At tonight’s meeting, Asheville City Council approved new rules allowing urban farming and produce sales throughout the city. Council also approved starting the search for a summer event to replace Bele Chere. On a less optimistic note, the public and city officials discussed increasing issues of crime, policing and homelessness in Asheville’s core.
At a meeting on Wednesday, Sept. 18, city of Asheville staff and police officers met with homeless activists and local nonprofit representatives to discuss a new law enforcement approach that focuses on more arrests in the city’s downtown. Responses varied, ranging from concerns about the impacts of a failing system to criticisms of the Asheville Police Department’s new strategy.
Information obtained by Xpress shows that out of 25 communications positions at the Asheville Police Department, 10 are vacant, leaving the department 40 percent short of its full number.
Mike Lanning, a former Asheville Police Department officer, filed for Asheville City Council last Friday. Lanning says recent controversies about the APD’s leadership spurred him to run, “because there needs to be someone on Council who questions city staff.”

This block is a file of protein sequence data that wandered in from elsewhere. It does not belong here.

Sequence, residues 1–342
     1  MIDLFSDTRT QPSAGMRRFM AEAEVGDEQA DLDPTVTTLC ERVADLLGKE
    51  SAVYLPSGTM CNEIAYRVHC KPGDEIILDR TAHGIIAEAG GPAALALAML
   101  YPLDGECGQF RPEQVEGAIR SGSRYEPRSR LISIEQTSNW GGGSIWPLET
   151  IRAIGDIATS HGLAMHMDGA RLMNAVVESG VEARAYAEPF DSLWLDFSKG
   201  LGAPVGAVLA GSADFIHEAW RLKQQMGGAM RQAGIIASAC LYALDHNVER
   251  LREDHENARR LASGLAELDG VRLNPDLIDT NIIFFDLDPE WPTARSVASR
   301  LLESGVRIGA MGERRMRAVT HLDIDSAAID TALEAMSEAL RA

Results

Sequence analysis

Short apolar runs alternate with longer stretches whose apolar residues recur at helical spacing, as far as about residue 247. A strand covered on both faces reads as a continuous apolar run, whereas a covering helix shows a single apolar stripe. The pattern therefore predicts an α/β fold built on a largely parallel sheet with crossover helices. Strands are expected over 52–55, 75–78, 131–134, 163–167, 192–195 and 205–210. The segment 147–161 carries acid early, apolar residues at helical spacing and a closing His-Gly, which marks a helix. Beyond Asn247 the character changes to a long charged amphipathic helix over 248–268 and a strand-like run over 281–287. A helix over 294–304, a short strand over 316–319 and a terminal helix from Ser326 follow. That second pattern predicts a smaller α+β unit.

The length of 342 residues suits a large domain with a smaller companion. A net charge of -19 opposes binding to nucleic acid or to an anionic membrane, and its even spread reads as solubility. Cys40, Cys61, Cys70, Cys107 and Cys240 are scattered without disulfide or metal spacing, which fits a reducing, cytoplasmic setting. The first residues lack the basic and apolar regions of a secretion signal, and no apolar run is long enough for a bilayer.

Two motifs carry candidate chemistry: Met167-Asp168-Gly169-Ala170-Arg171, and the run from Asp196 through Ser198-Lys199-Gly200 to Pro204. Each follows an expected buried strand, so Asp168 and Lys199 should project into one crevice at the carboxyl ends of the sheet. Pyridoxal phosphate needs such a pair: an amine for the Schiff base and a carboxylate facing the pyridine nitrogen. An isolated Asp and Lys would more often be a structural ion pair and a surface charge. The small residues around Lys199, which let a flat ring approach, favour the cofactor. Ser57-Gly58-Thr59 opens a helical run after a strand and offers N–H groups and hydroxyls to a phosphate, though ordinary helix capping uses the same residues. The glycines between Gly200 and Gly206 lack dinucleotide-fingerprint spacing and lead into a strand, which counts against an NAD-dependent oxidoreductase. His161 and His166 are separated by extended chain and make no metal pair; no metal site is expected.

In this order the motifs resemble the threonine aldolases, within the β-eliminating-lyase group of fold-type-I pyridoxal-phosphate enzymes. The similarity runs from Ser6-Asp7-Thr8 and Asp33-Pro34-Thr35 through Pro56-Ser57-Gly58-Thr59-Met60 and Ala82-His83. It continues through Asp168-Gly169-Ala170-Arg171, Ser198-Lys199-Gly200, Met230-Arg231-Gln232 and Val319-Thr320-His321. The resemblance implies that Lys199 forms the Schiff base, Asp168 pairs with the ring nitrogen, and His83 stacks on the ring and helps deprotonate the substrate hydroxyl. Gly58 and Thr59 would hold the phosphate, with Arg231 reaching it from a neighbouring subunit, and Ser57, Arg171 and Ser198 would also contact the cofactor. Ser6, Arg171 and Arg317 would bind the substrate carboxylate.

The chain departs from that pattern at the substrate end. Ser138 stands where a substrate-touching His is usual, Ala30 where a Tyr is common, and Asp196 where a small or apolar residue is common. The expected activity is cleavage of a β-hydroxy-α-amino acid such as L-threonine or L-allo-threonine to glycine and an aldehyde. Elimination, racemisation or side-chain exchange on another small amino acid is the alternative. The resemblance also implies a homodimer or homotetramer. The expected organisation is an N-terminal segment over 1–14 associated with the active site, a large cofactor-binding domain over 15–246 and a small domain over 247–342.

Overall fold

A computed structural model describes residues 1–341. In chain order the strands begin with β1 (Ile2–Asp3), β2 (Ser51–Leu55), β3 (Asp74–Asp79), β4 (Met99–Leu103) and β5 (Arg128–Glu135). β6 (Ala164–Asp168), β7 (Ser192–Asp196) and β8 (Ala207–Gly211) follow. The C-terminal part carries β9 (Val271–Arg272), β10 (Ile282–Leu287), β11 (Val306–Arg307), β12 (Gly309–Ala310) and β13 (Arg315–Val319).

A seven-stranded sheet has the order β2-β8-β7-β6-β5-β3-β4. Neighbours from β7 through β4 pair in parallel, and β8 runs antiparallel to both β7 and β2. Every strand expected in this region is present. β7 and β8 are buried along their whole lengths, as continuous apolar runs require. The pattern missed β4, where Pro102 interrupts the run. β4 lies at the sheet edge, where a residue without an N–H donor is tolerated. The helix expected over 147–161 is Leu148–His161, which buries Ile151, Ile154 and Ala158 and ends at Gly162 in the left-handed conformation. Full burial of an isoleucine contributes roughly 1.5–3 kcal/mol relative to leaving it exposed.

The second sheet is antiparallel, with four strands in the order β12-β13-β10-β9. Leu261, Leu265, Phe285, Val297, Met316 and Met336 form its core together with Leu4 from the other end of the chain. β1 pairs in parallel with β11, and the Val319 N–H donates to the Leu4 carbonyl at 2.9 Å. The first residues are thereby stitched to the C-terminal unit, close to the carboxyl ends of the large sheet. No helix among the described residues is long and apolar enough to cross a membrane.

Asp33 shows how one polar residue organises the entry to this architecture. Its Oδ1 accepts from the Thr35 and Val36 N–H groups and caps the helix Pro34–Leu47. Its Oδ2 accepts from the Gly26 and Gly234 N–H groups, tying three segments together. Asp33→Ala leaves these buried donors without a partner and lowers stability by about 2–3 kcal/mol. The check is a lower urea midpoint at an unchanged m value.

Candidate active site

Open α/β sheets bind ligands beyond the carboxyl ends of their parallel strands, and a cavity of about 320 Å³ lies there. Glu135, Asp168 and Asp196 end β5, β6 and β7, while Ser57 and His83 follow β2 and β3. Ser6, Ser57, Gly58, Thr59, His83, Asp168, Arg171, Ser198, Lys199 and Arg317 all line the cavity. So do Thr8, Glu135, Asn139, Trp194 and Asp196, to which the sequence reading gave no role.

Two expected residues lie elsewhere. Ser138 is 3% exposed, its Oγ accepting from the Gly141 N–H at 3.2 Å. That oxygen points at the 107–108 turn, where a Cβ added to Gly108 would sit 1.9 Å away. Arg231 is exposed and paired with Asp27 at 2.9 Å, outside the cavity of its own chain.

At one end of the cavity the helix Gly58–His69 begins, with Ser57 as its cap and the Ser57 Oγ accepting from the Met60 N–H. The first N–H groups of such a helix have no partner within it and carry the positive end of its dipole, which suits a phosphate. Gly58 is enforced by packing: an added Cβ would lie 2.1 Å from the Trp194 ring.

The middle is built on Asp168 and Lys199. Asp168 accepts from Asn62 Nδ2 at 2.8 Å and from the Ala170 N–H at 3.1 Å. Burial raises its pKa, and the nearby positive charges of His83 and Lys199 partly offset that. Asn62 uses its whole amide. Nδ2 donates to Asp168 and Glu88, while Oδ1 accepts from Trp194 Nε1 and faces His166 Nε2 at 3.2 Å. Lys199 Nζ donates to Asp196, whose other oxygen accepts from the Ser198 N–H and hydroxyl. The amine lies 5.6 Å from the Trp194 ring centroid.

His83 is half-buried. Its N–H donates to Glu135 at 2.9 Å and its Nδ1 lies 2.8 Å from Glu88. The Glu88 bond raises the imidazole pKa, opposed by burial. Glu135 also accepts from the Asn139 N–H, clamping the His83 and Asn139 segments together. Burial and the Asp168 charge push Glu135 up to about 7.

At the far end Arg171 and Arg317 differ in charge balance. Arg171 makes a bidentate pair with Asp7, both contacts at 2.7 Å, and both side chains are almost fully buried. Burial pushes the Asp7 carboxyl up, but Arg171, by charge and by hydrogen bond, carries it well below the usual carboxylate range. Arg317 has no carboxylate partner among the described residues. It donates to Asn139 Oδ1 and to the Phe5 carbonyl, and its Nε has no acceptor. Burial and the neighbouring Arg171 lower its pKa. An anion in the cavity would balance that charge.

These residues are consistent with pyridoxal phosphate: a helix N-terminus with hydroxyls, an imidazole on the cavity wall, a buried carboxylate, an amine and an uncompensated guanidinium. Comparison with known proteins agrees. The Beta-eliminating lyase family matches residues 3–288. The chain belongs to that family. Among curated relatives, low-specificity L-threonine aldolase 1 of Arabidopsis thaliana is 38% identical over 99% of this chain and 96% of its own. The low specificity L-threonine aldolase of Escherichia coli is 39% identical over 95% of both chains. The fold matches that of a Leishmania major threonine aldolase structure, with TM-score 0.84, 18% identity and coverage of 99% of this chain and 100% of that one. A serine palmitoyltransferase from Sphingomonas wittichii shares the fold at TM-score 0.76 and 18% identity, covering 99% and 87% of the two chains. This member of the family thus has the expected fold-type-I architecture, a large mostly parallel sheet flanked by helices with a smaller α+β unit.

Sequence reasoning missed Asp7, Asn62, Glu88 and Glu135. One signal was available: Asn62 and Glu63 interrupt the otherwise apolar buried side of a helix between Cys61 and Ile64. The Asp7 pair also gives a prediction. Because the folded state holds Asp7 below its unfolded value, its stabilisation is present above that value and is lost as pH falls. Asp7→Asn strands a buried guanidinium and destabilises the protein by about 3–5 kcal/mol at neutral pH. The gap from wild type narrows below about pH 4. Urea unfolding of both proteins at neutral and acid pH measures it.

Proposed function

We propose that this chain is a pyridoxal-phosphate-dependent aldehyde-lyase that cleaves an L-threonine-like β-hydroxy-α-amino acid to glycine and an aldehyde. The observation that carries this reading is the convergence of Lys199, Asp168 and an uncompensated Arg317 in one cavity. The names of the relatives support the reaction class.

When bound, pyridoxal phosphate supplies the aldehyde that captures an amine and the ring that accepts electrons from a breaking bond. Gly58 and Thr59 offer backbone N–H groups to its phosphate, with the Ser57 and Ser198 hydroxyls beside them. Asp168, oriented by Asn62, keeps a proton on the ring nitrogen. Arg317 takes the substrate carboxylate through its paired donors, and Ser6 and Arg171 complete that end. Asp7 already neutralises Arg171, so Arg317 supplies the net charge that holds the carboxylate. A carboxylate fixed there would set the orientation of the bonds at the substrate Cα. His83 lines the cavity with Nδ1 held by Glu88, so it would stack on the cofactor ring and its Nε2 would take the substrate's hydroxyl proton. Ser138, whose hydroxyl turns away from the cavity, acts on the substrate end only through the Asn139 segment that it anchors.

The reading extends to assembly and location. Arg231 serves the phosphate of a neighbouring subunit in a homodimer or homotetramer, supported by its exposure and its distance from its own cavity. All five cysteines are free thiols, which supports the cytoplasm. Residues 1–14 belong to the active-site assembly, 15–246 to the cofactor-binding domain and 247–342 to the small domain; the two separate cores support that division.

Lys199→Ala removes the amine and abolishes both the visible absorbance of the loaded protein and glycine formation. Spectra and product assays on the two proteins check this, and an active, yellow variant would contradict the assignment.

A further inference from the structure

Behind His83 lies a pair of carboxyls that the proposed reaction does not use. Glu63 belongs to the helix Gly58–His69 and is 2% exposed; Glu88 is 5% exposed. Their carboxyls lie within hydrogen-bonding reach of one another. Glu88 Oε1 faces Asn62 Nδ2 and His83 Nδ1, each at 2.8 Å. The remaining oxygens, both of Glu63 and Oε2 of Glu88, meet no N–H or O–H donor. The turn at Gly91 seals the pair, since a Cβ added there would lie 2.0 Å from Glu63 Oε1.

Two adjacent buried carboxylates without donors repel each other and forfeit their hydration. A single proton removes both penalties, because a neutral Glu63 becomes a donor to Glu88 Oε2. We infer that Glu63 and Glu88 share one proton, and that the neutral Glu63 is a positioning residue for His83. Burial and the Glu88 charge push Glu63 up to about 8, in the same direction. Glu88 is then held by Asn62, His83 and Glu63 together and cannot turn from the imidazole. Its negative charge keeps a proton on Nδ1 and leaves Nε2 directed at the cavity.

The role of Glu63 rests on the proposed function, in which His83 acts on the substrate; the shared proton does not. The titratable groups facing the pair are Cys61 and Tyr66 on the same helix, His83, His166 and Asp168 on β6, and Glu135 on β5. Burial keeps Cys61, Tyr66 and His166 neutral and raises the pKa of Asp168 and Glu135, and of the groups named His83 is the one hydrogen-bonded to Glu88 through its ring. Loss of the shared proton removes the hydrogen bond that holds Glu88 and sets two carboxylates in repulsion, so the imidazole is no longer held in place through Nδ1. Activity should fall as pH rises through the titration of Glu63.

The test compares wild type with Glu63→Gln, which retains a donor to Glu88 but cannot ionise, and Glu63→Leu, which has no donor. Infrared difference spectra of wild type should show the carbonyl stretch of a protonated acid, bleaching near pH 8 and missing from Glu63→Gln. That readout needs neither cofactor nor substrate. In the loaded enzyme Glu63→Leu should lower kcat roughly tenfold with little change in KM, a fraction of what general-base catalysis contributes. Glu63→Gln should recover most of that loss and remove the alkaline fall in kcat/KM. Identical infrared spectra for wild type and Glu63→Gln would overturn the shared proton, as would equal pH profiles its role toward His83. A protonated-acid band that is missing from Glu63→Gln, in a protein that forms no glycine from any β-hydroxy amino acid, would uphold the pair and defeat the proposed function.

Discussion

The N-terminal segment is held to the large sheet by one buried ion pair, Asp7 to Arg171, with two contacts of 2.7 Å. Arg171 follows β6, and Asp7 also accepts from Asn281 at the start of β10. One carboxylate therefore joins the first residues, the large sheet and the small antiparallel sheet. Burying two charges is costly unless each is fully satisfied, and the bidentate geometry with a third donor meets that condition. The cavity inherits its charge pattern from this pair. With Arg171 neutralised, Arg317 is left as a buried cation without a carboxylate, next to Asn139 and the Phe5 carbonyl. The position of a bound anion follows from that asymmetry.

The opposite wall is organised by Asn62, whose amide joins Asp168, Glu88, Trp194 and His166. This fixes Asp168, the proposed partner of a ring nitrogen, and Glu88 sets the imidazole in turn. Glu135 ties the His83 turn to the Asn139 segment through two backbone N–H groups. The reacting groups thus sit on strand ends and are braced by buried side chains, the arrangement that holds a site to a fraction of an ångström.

At a special meeting today, Asheville City Council announced that an internal investigation had found no evidence that Asheville Police Department Chief William Anderson engaged in a coverup surrounding a March car crash involving his son, as alleged by an APD lieutenant. However, the inquiry also found that when Anderson ordered the officer to meet with him, he acted inappropriately. Council members promised improvements to the general management of the department.
After a season of uncertainty, Asheville City Council unanimously passed a budget tonight that includes the city’s first major property tax increase in more than a decade. Most of the increase will go to fund improved road maintenance and a wish list of projects intended to spur economic development. Photo by Max Cooper
After he was reported missing on April 29, William Howard Pack remains a missing person and the Asheville Police Department is asking the public for help. (Photo of Pack taken in 2004, courtesy of APD)